15. 15. Incandescent Lamps Working :- The glowing wire is called a filament. Filaments are made of materials that resist the flow of current. Current flowing through a material of high resistance (like carbon or tungsten) generates heat and makes the material glow or become incandescent. The power lines and lead wires are made with materials of low resistance like copper. Thus they do not get hot.
  16. 16. Incandescent Lamps • One of the oldest electric lighting technologies. • Light is produced by passing a current through a tungsten filament. • Least efficient – (4 to 24 lumens/watt). • Lamp life ~ 1,000 hours.
  17. 17. • High CRI (100) – Warm Color (2700K) • Halogen 2900K to 3200K) • Inexpensive • Excellent beam control • Easily dimmed – no ballast needed • Immediate off and on • No temperature concerns – can be used outdoors • 100, 75, 60 and 40 watt lamps will be going away per 2007 law beginning 2012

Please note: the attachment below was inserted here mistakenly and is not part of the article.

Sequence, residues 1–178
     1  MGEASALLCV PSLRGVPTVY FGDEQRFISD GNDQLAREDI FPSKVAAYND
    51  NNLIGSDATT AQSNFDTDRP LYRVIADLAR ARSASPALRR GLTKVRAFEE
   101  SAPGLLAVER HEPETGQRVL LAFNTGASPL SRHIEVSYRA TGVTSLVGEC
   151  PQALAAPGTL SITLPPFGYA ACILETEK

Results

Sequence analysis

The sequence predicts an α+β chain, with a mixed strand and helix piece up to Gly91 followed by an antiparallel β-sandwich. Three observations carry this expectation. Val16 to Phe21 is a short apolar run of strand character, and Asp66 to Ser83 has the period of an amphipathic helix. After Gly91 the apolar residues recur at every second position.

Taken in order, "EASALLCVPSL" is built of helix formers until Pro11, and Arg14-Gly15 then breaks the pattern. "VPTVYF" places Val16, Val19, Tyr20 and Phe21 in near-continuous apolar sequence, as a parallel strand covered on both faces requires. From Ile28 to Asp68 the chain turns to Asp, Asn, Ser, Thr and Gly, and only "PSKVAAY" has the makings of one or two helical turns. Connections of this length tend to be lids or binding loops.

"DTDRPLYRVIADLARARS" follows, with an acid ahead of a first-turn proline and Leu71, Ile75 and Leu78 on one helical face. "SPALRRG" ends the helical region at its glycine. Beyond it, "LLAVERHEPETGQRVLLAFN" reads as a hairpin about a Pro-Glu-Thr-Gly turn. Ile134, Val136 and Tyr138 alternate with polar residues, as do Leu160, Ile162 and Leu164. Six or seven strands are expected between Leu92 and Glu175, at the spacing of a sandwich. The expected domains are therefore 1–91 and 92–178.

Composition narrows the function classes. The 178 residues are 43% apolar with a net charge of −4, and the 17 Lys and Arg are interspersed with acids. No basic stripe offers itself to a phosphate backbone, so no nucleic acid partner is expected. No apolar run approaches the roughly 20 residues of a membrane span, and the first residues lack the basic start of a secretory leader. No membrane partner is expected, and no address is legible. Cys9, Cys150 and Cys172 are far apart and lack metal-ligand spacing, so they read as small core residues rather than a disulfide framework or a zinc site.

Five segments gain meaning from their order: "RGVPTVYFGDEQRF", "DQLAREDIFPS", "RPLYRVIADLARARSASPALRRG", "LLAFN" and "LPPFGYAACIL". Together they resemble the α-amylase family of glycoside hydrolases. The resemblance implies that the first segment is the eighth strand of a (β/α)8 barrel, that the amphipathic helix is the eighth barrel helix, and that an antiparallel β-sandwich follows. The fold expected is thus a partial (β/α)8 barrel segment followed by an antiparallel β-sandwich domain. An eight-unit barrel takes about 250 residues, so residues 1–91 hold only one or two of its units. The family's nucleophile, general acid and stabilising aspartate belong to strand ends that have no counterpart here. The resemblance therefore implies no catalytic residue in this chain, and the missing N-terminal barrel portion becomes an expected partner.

18. 18. Properties of Metal for Filament 1. High melting point : so that it can be operated at high temperature. 2. High specific resistance : so that it produces more heat. 3. Low temperature coefficient : so that filament resistance may not change at operating temperature. 4. Low vapor pressure ; so that it may not vaporize 5. High ductile : so that it may withstand mechanical vibrations
  19. 19. Types of Incandescent Bulbs • Standard incandescent – Most common yet the most inefficient – Larger wattage bulbs have a higher efficacy than smaller wattage bulbs • Tungsten halogen – It has a gas filling and an inner coating that reflect heat – Better energy efficiency than the standard A-type bulb • Reflector lamps – Reflector lamps (Type R) are designed to spread light over specific areas – floodlighting, spotlighting, and down lighting